It's clear from the outset that Rime is special. With a slow, deliberate introduction, we meet a boy, washed ashore on a strange and unfamiliar beach with seemingly no memory of how he got there. A sweeping, beautiful soundtrack kicks in as the boy rises to his feet and takes his first, fragile steps. There's no tutorial, no exposition, just a skillfully directed welcome to this fantastical world and a vague sense of direction, your gut begging you to get out and explore.
And explore you will. One discovery leads to another, creating an intoxicating rush of constant revelation. From the beach, you discover a fox statue. Then you discover that your voice can cause magical artifacts to activate. Then you discover an enormous tower. Then you discover the tower acts as a gateway, with portals to more islands to explore.
This is Rime's biggest success: all of the above is driven by you wanting to see what's around every corner, by you wanting to get to that next aha! moment. There's no push from the game, only pull. Rime never tells you "go here, do this, in this order." Instead, it teases you with its mystery and trusts that you'll be curious enough to follow through.
One of the most refined ways the game achieves this is through its puzzles. These environmental challenges often revolve around manipulating objects or shifting your perspective. You might, for example, need to pull a block with a magical statue atop it close enough to a door so you can cause the door to open. Or, you might need to align a piece of scenery in such a way so that, when you stand at a designated spot, it combines with other pieces of architecture to form the shape of a key.
You'll see a thing, wonder ‘how do I get to that thing’, and then figure out the path. This means little to no friction between the large-scale goal you're trying to accomplish (explore the island) with the small-scale obstacles in your way. The few times I was left scratching my head, it wasn't long before I figured out I just had some nook or cranny I hadn't checked out and I was on my way. Rime is constantly reinforcing the idea of you figuring out your place on the island, both literally and figuratively.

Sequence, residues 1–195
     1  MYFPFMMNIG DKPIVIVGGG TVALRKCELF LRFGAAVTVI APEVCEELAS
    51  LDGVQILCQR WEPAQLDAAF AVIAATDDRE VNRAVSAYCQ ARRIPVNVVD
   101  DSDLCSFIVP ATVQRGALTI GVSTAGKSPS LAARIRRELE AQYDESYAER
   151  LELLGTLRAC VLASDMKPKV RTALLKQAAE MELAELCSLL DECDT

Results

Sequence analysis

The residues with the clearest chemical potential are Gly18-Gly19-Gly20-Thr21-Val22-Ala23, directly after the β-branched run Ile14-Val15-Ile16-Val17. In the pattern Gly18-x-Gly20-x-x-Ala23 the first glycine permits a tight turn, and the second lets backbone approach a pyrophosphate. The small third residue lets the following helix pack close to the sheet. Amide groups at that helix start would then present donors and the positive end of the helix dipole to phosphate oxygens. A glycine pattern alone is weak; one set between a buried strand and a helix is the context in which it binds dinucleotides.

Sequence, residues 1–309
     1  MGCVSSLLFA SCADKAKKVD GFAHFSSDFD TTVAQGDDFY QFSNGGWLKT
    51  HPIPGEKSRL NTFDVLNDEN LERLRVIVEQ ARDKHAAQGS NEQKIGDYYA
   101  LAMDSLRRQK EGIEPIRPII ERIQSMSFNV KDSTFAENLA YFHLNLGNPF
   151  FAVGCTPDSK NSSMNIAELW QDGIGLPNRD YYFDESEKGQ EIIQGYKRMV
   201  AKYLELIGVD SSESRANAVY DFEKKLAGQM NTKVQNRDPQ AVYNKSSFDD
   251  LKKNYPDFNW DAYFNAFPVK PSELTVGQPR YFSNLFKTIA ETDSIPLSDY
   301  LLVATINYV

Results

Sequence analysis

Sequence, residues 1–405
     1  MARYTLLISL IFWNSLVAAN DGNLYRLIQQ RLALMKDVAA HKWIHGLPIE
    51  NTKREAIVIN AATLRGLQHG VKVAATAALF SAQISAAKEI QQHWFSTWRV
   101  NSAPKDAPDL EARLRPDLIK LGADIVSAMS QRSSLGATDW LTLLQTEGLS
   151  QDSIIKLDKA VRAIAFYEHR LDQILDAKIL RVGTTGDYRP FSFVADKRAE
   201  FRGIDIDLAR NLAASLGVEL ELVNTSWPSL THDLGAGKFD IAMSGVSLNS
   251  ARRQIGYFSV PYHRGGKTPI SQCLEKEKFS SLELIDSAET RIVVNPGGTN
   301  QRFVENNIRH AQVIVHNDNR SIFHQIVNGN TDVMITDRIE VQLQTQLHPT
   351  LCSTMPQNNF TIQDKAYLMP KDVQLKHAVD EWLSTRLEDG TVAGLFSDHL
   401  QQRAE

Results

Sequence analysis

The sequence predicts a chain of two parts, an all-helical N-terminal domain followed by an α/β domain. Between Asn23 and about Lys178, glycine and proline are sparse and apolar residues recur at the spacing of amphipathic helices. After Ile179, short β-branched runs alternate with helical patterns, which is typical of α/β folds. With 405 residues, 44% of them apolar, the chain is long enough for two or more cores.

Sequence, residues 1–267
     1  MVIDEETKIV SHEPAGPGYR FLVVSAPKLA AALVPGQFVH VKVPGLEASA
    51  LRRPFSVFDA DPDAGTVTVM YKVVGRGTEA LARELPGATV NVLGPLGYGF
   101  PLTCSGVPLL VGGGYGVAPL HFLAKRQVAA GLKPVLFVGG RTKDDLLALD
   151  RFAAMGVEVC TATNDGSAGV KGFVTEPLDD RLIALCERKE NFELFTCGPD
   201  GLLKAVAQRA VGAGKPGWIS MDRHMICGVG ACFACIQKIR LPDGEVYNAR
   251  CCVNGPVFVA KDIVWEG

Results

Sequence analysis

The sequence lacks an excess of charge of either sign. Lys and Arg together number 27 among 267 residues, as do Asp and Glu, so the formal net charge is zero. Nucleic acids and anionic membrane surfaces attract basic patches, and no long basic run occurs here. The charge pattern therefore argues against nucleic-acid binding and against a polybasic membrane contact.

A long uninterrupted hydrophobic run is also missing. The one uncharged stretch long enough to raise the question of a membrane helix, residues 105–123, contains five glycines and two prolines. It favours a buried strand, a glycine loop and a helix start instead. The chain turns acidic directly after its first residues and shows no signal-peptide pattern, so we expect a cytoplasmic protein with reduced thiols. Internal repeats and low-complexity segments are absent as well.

There are no words to Rime's story, yet it is supremely adept at storytelling. Flashback cutscenes are as explicit as things get, with the large majority of what's happening and why being left up to your interpretation, informed only by visual cues in the environment and the behavior of shadowy creatures. Save for an emotional conclusion, you get out of Rime's plot what you put into deciphering it.
Not everything is perfect in this magical oasis, though. While the lands you'll travel are beautiful and well-realized, they're not as accessible as you might imagine. You can only grasp or climb certain ledges, even when it looks like you should be able to reach a different one. The boy himself is expressive and detailed (to the point he trembles when cold and his voice changes based on context) but his movement, particularly jumping, can sometimes feel stilted.
I missed a handful of jumps I felt I should've made or failed to interact with an object because I wasn't facing the exact right direction or wasn't quite close enough, respectively. It was never particularly frustrating because it was A) not a common occurrence, and B) even when I fell to my death, I was respawned right back where I needed to be without a wait. Still, it was noticed.
I also noticed some framerate hiccups and occasional slowdown. Again, most of the time this wasn't an issue, but every now and then I'd enter a passage or climb a hill and notice some choppiness. Rime's world is so beautiful, you'll want to see it render as smooth as possible, and it's a bit frustrating when it doesn't.
That being said, these aren't the kind of flaws that make Rime unplayable or even unpleasant. The modicum of frustration imposed by these technical failings is negligible compared to the constant sense of satisfaction it offers. Every time you solve a puzzle, uncover a secret passage, or collect a hidden trinket, you feel all the more clever because you saw the hint of something bigger and wanted to figure it out. You saw a path and wanted to see where it led.
And when you get to the end, you'll know it was a special journey.
This game was reviewed on PS4.